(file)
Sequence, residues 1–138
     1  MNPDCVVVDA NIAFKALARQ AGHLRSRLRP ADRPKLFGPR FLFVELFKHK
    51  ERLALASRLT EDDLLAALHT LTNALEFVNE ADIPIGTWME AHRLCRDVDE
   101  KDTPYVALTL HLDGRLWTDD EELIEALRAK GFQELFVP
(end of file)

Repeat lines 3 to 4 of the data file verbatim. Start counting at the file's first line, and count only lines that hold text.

    51  ERLALASRLT EDDLLAALHT LTNALEFVNE ADIPIGTWME AHRLCRDVDE
   101  KDTPYVALTL HLDGRLWTDD EELIEALRAK GFQELFVP